Under the headline News of the World surveillance of detective: what Rebekah Brooks knew comes the story of how the newspaper was spying on a senior Scotland Yard detective, David Cook, who was investigating two murder suspects with links to one of the paper's reporters:
Scotland Yard chose not to mount a formal inquiry. Instead a senior press officer contacted Brooks to ask for an explanation. She is understood to have told them they were investigating a report that Cook was having an affair with another officer, Jacqui Hames, the presenter of BBC Crimewatch. Yard sources say they rejected this explanation, because Cook had been married to Hames for some years.
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No, not us, not this time.
"A Canadian woman's house is collapsing under the weight of the 350,000 books she rescued from a neighbour who was planning to burn them after her bibliophile husband died."
See this story from The Guardian.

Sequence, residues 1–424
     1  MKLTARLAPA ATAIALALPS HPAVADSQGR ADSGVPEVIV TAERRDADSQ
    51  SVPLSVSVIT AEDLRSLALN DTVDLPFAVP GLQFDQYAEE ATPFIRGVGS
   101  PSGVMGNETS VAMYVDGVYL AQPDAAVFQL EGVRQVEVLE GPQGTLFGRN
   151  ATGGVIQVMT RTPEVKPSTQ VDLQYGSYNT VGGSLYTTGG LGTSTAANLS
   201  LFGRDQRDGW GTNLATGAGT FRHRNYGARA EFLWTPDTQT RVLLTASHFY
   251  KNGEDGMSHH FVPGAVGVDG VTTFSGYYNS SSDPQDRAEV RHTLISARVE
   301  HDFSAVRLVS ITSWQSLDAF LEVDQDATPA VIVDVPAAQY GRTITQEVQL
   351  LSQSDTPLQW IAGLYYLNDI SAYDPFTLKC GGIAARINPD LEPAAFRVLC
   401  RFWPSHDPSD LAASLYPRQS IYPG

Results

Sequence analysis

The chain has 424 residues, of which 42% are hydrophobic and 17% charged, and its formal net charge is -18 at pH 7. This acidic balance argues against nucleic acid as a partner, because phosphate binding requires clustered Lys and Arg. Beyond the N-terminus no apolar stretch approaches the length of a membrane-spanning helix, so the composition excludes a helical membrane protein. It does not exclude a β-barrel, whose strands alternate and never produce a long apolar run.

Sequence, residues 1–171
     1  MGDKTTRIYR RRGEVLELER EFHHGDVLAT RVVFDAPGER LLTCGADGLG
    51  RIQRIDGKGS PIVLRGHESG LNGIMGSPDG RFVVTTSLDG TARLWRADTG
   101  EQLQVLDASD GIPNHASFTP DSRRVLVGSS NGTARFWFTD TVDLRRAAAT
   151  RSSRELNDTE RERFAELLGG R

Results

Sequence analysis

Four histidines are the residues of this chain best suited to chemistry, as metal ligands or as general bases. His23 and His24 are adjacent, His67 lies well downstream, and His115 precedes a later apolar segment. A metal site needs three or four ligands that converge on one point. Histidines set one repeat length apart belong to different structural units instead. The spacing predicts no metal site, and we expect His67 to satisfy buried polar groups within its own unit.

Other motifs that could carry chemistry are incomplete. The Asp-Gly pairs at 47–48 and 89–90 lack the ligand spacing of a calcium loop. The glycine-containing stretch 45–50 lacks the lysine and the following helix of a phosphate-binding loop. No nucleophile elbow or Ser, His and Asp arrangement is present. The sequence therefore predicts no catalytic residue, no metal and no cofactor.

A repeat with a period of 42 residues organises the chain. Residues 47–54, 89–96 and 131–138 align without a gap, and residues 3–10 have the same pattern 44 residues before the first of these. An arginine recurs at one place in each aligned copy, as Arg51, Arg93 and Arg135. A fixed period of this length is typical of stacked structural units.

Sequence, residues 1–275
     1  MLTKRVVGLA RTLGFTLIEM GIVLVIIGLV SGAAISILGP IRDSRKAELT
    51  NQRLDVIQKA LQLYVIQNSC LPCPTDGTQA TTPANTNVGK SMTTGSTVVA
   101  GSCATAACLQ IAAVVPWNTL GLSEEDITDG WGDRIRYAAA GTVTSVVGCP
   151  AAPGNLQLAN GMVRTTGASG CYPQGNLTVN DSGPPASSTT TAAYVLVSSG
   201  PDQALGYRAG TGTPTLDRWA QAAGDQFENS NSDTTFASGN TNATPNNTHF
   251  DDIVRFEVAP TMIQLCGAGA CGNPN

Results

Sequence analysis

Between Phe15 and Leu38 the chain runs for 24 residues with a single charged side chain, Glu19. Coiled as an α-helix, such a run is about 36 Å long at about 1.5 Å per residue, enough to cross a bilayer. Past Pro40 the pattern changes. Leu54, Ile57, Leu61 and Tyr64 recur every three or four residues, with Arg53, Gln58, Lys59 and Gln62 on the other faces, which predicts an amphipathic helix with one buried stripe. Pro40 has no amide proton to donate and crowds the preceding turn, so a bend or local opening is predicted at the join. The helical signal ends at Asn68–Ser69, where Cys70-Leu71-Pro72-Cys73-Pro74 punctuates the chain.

"There was a first edition copy of Black Beauty on the top pile and the bottom was all charred off [from being burned] but the top was just immaculate,"
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Gandalf's Garden shopOver on a post on [livejournal.com profile] desperance 's LJ, I mentioned Gandalf’s Garden, how silly of me not to realise that it now had its own web presence (not to mention Wikipedia page), indeed you can also buy a CD of the magazines.

To clarify, the shop was, as [livejournal.com profile] shewhomust recalls, at the Worlds End. However, the guiding light Muz Murray I recall as living in Campden Hill, which is in Notting Hill -- or maybe that was somebody else. It was all a very long time ago.

There was grafitti on the walls outside: The road of excess leads to the palace of wisdom.

Brain dump over. I feel better now.

Zoominfo

May. 27th, 2011 09:20 am
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In case anybody was thinking that Zoominfo are to be relied upon as a source of business information, consider this: in the past couple of days they have emailed two names plucked out of thin air at my business email address. I don't know what makes them think that I have employees called Robin and Anne. Either they are making them up, or they are encouraging spammers by buying dodgy mailing lists. I think you get the message.